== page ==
"Whatever they used as a safety zone just didn't work" he said.

Dick Mangan, a retired U.S. Forest Service safety official and consultant, said it is too early to say if the crew or those managing the fire made mistakes.

"The fact that they're dead and that they had to deploy fire shelters tells us that something was seriously wrong," Mangan said. But then again, he said, they may have been doing everything right, and "this just might have been a weather anomaly that nobody saw coming that happened too quickly to respond to."

He said the crew members might have taken too many risks because they were on familiar ground and were trying to protect a community they knew well.

"When you've got especially structures and residences involved, and you've got local resources, there's a fair amount of social and political pressure, some of it self-generated by the firefighters, who want to do a good job," Mangan said. "They don't want to see a community burn down. They want to get in there."

A team of fire officials drawn from across the country by Atlanta NIMO, or National Incident Management Organization, arrived in the area Tuesday to find out exactly what went wrong.

They plan to make their way into the charred fire scene and issue a preliminary report in the coming days, said Mary Rasmussen, a spokeswoman for the Southwest Area Incident Management Team.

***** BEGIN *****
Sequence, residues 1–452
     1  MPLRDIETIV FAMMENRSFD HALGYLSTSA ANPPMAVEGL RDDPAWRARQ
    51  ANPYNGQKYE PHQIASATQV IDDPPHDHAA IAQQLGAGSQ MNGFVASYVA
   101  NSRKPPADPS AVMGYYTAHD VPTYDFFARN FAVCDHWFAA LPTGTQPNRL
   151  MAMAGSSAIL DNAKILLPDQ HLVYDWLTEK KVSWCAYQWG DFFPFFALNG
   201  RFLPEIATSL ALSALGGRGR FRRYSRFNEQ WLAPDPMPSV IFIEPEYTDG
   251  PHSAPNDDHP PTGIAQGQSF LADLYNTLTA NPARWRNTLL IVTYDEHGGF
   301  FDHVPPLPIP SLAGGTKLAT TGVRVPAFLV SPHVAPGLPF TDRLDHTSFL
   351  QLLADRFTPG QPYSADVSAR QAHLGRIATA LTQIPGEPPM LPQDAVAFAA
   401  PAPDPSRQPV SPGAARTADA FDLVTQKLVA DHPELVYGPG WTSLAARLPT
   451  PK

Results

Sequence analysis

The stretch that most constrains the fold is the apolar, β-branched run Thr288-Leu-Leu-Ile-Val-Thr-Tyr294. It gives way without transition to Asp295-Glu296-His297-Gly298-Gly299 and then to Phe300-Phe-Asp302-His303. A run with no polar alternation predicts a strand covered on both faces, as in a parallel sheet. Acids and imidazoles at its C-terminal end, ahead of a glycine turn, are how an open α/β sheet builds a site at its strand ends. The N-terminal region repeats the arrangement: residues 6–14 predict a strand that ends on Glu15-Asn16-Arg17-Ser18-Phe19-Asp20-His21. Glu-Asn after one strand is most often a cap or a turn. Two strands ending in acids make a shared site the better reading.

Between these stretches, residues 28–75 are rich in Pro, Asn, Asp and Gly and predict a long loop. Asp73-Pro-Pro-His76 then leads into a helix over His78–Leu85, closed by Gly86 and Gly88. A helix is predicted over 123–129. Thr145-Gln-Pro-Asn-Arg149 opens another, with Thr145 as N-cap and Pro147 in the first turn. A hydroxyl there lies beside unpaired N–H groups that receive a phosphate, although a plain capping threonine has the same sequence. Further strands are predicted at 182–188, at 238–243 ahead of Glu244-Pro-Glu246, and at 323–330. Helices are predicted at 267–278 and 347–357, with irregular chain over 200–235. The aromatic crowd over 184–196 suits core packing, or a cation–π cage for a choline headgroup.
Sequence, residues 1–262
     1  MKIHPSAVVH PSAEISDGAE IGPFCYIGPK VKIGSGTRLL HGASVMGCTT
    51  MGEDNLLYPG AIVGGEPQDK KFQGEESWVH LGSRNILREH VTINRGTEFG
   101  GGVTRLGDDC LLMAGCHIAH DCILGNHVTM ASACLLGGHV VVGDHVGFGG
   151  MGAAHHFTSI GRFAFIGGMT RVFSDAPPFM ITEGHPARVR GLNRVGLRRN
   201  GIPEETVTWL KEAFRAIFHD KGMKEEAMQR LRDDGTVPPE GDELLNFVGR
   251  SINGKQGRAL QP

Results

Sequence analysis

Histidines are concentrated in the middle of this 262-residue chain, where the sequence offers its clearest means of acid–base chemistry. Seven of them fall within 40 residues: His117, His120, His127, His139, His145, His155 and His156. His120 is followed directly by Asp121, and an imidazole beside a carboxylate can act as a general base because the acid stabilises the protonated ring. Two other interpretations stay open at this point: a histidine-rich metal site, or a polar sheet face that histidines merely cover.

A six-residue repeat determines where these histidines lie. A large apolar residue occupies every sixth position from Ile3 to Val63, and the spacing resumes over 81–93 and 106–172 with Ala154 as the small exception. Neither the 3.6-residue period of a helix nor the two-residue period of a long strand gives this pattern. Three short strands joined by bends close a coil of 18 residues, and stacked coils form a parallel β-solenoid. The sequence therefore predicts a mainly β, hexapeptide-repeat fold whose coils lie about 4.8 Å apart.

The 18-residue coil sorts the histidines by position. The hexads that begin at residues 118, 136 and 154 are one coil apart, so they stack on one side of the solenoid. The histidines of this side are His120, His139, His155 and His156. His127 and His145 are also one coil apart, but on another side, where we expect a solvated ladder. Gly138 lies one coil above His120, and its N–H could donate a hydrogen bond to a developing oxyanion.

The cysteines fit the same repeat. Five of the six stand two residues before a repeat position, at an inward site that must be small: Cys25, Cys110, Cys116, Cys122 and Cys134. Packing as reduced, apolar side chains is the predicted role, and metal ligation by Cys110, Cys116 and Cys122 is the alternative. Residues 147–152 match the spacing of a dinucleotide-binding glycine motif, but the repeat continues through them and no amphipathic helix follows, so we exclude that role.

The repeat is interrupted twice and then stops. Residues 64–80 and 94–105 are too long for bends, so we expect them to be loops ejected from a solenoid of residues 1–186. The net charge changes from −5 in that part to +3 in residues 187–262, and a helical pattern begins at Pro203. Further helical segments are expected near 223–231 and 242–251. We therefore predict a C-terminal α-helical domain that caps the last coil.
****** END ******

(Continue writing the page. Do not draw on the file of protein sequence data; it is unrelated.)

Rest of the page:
With the investigation just beginning, it's not clear what help water- or retardant-dropping aircraft could have provided for the doomed crew.

One contractor, Neptune Aviation Services, had three aerial tankers making drops on the fire earlier in the day. But at the time the firefighters died, the planes had been grounded because of treacherous conditions, said chief executive Ronald Hooper.

"It wasn't safe for them to be in the air at that time," Hooper said. There were "severe winds, erratic winds and thunderstorms in the area."

However, government dispatch logs show at least two other planes were flying over the fire at the time, one large tanker and one small one. There was also at least one firefighting helicopter in the air early Sunday afternoon.

On Tuesday, about 500 firefighters battled the mountain blaze, which had burned about 13 square miles. Yavapai County authorities said about 200 homes and other structures burned in Yarnell, and hundreds of people were evacuated.

Wind even more powerful than the gusts that hit Sunday were forecast for Tuesday and could reach 80 mph, said National Weather Service meteorologist Jim Wallmann.

No part of the fire had been contained, and thunderstorms that could bring little rain and lots of lightning remained a major threat, said Karen Takai, a spokeswoman for the firefighting effort.

Takai said the firefighters know how to stay focused on their task, even while battling their grief.

"You got to get back on track, and they know that," Takai said.

Safety • There are parallels to 1994 tragedy that killed 14 firefighters in Colorado.